Our collective transnational histories are comprised of 500 years of colonization. As women and descendants of women from Latin America, Asia, and Africa, we cannot truly “reclaim” the word “Slut”. It was never ours to begin with. This label is one forced upon us by colonizers, who transformed our women into commodities and for the entertainment of US soldiers occupying our countries for corporate America. There are many variations of the label “slut”: in Central America it was “little brown fucking machines (LBFMs), in places in Asia like the Philippines, it was “little brown fucking machines powered by rice (LBFMPBRs). These events continue to this day, and it would be a grievous dishonor to our cousins who continue to struggle against imperialism, globalization and occupation in our families’ countries of origin to accept a label coming from a white police officer in the city of Toronto, Canada.
There are two pervasive pejorative words used for women globally, and “slut,” puta (in Spanish, Tagalog), sharmoota (Arabic), Jendeh (Farsi), Ahbeh (Lebanese) – is one. This label has become integrated in our languages and cultures, and has followed us across oceans into our own communities here in the United States. It has followed the poisonous spread of feudalism and capitalism into the economies and ultimately cultures of the global South, building its own systems of power and exploitation of women’s bodies. It has followed us into migration and still plagues us in our communities here in the United States. Women are treated and dismissed as “sluts”, “putas”, etc., as a product of both the structurally racist and sexist US society, as well as transplanted cultures from our families’ countries of origin.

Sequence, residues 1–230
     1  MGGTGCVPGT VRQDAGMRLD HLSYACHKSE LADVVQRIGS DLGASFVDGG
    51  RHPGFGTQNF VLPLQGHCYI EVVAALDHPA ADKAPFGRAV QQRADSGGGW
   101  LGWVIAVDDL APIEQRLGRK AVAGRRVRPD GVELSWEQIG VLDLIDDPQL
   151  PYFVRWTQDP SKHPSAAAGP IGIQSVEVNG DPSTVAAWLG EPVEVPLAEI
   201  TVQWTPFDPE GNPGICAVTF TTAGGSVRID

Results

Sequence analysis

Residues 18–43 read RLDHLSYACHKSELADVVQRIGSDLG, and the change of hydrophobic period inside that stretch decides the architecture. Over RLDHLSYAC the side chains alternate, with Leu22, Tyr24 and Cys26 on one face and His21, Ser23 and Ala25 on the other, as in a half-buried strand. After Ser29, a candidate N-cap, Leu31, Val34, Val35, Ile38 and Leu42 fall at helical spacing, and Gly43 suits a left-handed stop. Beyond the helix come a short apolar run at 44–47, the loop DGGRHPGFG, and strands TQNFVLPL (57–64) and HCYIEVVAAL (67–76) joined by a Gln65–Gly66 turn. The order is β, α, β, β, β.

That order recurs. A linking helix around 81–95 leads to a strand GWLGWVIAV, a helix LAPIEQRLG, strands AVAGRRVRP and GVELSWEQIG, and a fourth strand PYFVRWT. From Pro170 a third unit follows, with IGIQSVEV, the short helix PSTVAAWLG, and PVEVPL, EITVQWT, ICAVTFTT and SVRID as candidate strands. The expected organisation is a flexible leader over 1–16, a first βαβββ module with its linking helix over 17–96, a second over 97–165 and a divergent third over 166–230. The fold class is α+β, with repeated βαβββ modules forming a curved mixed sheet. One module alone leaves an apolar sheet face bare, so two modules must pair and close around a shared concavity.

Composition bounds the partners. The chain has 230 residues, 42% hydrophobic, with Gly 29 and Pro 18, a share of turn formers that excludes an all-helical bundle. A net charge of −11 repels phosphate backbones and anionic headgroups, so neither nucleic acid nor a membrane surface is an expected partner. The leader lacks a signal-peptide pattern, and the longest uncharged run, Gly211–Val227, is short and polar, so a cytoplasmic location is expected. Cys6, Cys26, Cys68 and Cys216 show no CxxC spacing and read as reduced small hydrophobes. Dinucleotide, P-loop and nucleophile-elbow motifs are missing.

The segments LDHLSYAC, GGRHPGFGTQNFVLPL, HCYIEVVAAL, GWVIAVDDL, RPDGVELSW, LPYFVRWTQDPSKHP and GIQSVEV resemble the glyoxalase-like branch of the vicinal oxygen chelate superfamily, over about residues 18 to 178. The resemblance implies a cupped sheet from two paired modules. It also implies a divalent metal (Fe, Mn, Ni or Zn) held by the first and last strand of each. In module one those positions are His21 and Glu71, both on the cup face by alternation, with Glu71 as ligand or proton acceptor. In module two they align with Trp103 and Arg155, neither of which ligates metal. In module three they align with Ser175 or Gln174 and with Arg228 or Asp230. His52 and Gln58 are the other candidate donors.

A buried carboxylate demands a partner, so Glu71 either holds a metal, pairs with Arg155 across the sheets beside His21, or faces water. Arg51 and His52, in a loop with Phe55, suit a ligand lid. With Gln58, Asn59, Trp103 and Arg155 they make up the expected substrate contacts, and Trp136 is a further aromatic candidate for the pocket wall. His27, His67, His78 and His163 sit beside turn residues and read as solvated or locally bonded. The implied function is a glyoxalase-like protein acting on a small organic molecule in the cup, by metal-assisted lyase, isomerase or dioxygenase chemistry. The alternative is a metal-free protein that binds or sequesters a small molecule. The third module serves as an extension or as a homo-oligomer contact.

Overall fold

We invite you, organizers of SlutWalk, to study how many times im/migrant women of color have been coerced into sex by immigration personnel, by border patrols, by jailors. Surely that will suffice to underscore why even the idea of joining a SlutWalk is like a massive boulder on our chests, squeezing out our breath, killing us, in effect.